<b> Back To: </b> [[Eleisha Jackson]] | <b> Back To: </b> [[Eleisha Jackson]] |

## Latest revision as of 12:13, 13 April 2014

**To Calculate: **

1. 20 our of 100 U.S. Senators are women, yet when the Senate formed an intramural baseball team of 9 people only 1 woman was chosen for the team. What is the probability of this occurring by chance? What is the p-value with which the null hypothesis "there is no discrimination against women Senators" can be rejected?

**Failed to parse (MathML with SVG or PNG fallback (recommended for modern browsers and accessibility tools): Invalid response ("Math extension cannot connect to Restbase.") from server "https://wikimedia.org/api/rest_v1/":): {\displaystyle \text{P(Prob this occurs)} = \frac{\text{Ways to choose one female and eight males}}{\text{Total ways to choose}} = \frac{ {20 \choose 1} {80 \choose 8}}{{100 \choose 9}} \approx 0.30477. }**

The null hypothesis is that there is no discrimination between men and women. The p value in this case is the probability of having no women or one woman under the null. Therefore the p-value can be calculated as:

**Failed to parse (MathML with SVG or PNG fallback (recommended for modern browsers and accessibility tools): Invalid response ("Math extension cannot connect to Restbase.") from server "https://wikimedia.org/api/rest_v1/":): {\displaystyle \text{p-value} = \frac{ {20 \choose 1} {80 \choose 8}}{{100 \choose 9}} + \frac{ {20 \choose 0} {80 \choose 9}}{{100 \choose 9}} \approx 0.42668. }**

Below is the python script that was written to perform the minor calculations:

from scipy import misc prob_one_woman = (misc.comb(20, 1)*misc.comb(80, 8))/misc.comb(100,9) print "Probability this occurs by chance: " + str(prob_one_woman) p_value = (misc.comb(20, 1)*misc.comb(80, 8))/misc.comb(100,9) + \ (misc.comb(20, 0)*misc.comb(80, 9))/misc.comb(100,9) print "P-value with which the null hypothesis can be rejected: " + str(p_value)

** Output: **

Probability this occurs by chance: 0.304773971521 P-value with which the null hypothesis can be rejected: 0.42668356013

2. A large jelly bean jar has 20% red jelly beans, 30% blue, and 50% yellow. If 6 jelly beans are chosen at random, what is the chance of getting exactly 2 of each color? What is the name of this distribution?

This is a multinomial distribution.

**Failed to parse (MathML with SVG or PNG fallback (recommended for modern browsers and accessibility tools): Invalid response ("Math extension cannot connect to Restbase.") from server "https://wikimedia.org/api/rest_v1/":): {\displaystyle N = 6, p_r = 0.2, p_b = 0.3, \text{and } p_y = 0.5 }**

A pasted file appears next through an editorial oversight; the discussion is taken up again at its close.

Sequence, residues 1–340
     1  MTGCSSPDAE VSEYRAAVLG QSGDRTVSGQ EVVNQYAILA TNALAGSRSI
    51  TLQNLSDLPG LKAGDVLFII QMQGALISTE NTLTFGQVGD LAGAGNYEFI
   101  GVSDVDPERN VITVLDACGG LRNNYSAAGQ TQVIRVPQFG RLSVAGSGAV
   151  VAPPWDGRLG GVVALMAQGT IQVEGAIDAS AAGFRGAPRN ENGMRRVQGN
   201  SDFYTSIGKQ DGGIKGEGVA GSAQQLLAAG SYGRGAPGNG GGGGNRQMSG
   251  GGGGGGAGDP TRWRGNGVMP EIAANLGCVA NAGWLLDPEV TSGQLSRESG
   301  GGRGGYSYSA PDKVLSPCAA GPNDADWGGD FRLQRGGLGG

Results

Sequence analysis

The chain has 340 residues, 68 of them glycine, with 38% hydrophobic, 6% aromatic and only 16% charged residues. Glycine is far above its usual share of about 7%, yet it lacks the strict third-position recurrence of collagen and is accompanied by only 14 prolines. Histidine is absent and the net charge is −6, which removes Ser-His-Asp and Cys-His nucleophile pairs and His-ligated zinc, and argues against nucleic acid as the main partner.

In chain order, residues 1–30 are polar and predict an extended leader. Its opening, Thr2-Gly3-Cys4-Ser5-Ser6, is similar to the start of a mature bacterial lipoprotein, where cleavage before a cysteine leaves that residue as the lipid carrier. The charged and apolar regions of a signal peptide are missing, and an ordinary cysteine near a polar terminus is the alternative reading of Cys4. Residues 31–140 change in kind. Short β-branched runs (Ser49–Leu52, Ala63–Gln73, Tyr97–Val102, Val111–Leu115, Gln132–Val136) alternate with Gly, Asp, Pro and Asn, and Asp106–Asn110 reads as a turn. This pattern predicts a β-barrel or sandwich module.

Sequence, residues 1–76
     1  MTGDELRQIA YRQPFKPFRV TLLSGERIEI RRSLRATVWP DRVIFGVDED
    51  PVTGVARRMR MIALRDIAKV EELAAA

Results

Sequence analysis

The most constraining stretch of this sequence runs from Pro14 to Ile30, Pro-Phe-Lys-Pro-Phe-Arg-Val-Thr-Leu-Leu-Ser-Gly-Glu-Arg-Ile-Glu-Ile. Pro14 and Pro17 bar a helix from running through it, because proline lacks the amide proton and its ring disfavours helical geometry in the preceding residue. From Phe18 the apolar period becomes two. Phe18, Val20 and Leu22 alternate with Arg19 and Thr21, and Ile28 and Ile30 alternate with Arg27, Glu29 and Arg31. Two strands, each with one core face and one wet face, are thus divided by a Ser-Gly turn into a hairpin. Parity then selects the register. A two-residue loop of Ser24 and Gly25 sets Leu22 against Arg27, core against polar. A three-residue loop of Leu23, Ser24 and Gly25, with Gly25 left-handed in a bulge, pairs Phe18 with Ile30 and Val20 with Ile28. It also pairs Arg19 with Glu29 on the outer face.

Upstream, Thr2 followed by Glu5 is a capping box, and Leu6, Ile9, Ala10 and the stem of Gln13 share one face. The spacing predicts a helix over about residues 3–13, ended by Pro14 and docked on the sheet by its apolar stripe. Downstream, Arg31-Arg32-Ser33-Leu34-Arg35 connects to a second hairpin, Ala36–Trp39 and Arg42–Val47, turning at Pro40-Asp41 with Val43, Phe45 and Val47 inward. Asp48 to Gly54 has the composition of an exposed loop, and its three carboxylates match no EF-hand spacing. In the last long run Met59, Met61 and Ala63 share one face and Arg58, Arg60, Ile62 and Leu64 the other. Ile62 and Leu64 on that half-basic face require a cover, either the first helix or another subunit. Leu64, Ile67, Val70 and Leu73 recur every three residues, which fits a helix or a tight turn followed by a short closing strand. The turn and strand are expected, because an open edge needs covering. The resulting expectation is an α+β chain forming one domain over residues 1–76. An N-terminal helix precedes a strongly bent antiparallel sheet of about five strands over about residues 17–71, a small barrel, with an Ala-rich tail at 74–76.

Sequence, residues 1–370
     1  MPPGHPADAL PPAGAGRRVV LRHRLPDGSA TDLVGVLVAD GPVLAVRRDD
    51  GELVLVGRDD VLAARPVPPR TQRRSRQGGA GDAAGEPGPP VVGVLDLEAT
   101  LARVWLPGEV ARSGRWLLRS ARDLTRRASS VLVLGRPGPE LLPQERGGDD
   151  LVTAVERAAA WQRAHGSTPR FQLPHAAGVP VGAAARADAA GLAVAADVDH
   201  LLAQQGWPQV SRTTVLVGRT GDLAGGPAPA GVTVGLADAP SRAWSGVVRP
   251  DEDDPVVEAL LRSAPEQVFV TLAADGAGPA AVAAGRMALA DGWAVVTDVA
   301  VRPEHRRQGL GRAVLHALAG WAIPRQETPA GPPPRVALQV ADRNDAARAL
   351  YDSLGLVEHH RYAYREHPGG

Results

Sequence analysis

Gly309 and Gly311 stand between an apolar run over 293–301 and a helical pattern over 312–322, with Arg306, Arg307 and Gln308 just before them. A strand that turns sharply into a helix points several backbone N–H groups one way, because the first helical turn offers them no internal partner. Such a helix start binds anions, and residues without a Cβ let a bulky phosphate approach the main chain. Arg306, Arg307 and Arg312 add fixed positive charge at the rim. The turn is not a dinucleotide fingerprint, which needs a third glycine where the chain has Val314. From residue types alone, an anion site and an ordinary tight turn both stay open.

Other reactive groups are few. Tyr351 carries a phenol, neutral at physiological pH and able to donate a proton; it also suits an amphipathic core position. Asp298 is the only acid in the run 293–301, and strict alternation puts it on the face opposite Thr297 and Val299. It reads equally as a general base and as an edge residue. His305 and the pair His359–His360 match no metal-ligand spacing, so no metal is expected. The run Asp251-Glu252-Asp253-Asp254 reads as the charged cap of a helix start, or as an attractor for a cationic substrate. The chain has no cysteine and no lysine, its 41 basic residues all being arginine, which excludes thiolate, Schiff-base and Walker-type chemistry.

Want to calculate, P, where P:

**Failed to parse (MathML with SVG or PNG fallback (recommended for modern browsers and accessibility tools): Invalid response ("Math extension cannot connect to Restbase.") from server "https://wikimedia.org/api/rest_v1/":): {\displaystyle P = \text{Prob}(\text{2 red, 2 blue, 2 yellow}| N, p_r, p_b, p_y) = \frac{6!}{2!2!2!}(0.2)^2(0.3)^2(0.5)^2 = 0.081 }**

3. A small jelly bean jar has 2 red jelly beans, 3 blue, and 5 yellow. If 6 jelly beans are chosen at random, what is the chance of getting exactly 2 of each color? What is the name of this distribution?

This is a Hypergeometrical Distribution

Want to calculate:

**Failed to parse (MathML with SVG or PNG fallback (recommended for modern browsers and accessibility tools): Invalid response ("Math extension cannot connect to Restbase.") from server "https://wikimedia.org/api/rest_v1/":): {\displaystyle \text{Prob(2 red, 2 blue, 2 yellow)} = \frac{\text{Number of ways to get outcome}}{\text{Total ways of choosing}} = \frac{ {2 \choose 2} {3 \choose 2} {5 \choose 2}}{{10 \choose 6}} \approx 0.1429 }**

**To Think About:**

1. Suppose that, in the population, 82% of people are right-handed, 18% left handed; 49% are male, 51% female; and that handedness and sex are independent. Repeatedly draw samples of N=15 individuals, form the contingency table, and apply the chi-square test for significance to get a p-value, exactly as described in the lecture segment. How often is your p-value less than 0.05? If you get an answer that is different from 0.05, why? Try larger values of N until the answer converges to 0.05. (How are you handling zero draws when they occur?)

** Back To: ** Eleisha Jackson